In our submission to the 2023 Spring Budget, we proposed changes to current government and regulatory policy in six key areas.
These changes are necessary to help unlock investment through energy network companies, which is required to ensure Britain’s energy network infrastructure continues to support our country’s economic needs as it decarbonises.
The price control regime used for regulating Britain’s energy network infrastructure is considered world-leading in terms of securing investment, which in turn drives economic efficiency and performance that is related to agreed outcomes.
But there now needs to be an additional focus on unlocking private investment through energy network companies to build and transform energy network capacity. This is to help ensure we can deliver the low-carbon technologies needed to meet our targets in 2030 for hydrogen production, in 2035 for electricity decarbonisation and our wider 2050 net zero targets.
In our submission, we set out the economic benefits that Britain’s energy network infrastructure can deliver in terms of supporting productivity growth, reducing inflationary pressures and addressing regional economic imbalances.
To do that, we propose the following changes:
Regulatory reform to unlock strategic investment in energy network infrastructure, by:
- Updating Ofgem’s remit to incorporate the government’s net zero targets as set out in the 2008 Climate Change Act. This is important so that long term net zero goals are recognised and planned for now.
- Issuing guidance to Ofgem to unlock strategic energy network infrastructure investment, in the form of a Strategy & Policy Statement.
Accelerating investment in hydrogen network infrastructure, by:
- Accelerating the development of a regulated asset base business model for hydrogen network infrastructure, with an interim measure introduced until that business model is finalised.
- Developing a business model to support the blending of hydrogen into gas networks by hydrogen producers.
Reforming the land rights & consenting process for energy network infrastructure, by:
- Reforming the Planning and Electricity Acts to permit timely and cost-effective installation and maintenance of electricity infrastructure.
Growing new smart energy markets to maximise energy network infrastructure capacity, by:
- Introducing new financial support, allowances, incentives or business models to reduce the upfront costs of smart ‘behind the meter’ low-carbon technologies for households and businesses.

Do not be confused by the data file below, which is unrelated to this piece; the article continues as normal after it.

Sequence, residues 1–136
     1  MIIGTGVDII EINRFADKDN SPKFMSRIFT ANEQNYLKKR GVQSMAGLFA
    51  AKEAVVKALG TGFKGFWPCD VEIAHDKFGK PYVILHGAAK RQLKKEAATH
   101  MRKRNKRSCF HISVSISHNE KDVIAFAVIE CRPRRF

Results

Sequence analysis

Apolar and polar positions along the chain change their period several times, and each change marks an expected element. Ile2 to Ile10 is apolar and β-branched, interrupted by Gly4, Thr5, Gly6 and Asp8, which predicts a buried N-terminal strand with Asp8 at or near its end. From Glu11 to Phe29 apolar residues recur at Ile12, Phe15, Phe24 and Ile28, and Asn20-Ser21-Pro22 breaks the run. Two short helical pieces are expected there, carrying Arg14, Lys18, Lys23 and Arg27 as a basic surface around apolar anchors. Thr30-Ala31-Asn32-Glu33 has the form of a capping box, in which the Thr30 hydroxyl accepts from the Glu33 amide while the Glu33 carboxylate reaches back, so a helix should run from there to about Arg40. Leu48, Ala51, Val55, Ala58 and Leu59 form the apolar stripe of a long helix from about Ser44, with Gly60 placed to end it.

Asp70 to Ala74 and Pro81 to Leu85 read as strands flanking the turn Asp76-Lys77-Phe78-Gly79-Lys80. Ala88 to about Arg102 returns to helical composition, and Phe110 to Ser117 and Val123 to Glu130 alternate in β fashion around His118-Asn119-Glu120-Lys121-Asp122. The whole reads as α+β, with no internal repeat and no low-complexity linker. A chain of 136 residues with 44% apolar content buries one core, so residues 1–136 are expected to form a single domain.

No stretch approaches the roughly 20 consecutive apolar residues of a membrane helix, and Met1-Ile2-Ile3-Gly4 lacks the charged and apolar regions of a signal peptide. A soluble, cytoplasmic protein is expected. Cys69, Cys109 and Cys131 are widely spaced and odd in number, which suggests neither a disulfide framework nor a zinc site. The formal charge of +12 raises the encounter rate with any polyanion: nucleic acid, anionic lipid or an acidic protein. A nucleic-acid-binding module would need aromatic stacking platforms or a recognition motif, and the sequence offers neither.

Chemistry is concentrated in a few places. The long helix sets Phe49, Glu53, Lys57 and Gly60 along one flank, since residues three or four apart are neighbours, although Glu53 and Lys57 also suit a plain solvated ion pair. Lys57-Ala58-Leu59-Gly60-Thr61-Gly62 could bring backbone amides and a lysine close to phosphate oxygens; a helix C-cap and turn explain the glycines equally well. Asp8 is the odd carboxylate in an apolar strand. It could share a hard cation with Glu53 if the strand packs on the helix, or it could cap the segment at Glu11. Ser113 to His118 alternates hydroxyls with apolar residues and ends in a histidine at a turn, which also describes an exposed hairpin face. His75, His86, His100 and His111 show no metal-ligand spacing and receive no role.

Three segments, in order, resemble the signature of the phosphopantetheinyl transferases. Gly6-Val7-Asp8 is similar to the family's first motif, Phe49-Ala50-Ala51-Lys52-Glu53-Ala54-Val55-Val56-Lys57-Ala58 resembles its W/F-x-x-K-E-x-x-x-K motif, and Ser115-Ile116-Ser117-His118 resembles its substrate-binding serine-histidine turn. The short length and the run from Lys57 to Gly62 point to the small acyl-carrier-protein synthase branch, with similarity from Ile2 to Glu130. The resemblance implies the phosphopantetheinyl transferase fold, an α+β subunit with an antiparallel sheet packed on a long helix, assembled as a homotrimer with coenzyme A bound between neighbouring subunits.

- Mandating that new low-carbon technologies in homes & businesses installed are ‘smart’ to ensure they can take part in flexibility markets.
- Introducing a licence requirement on energy suppliers to offer flexibility services to households.
Confirming future innovation funding for energy network infrastructure, by:
- Confirming the extension of the Network Innovation Allowance beyond 2026 or confirm the government’s intention to develop a successor allowance of a similar nature.
Developing a policy strategy for seasonal energy storage, by:
- Updating the British Energy Security Strategy to include a commitment to deliver an energy storage strategy by the end of 2023, which defines what business models will be developed to secure investment in seasonal energy storage.
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About Energy Networks Association
Energy Networks Association (ENA) is the industry body representing the electricity wires, gas pipes and energy system in the UK and Ireland.
ENA helps its members meet the challenge of delivering electricity and gas to communities across the UK and Ireland safely, sustainably and reliably.
Its members include every major electricity and gas network operator in the UK and Ireland, independent operators, National Grid ESO which operates the electricity system in Great Britain and National Gas which operates the gas system in Great Britain. Its affiliate membership also includes companies with an interest in energy, including Heathrow Airport and Network Rail.
What are energy network operators?
Energy network operators manage and maintain the wires, pipes and other infrastructure which delivers electricity and gas to your home, business and community. They are private companies which are regulated by Ofgem and employ around 40,000 people in Great Britain.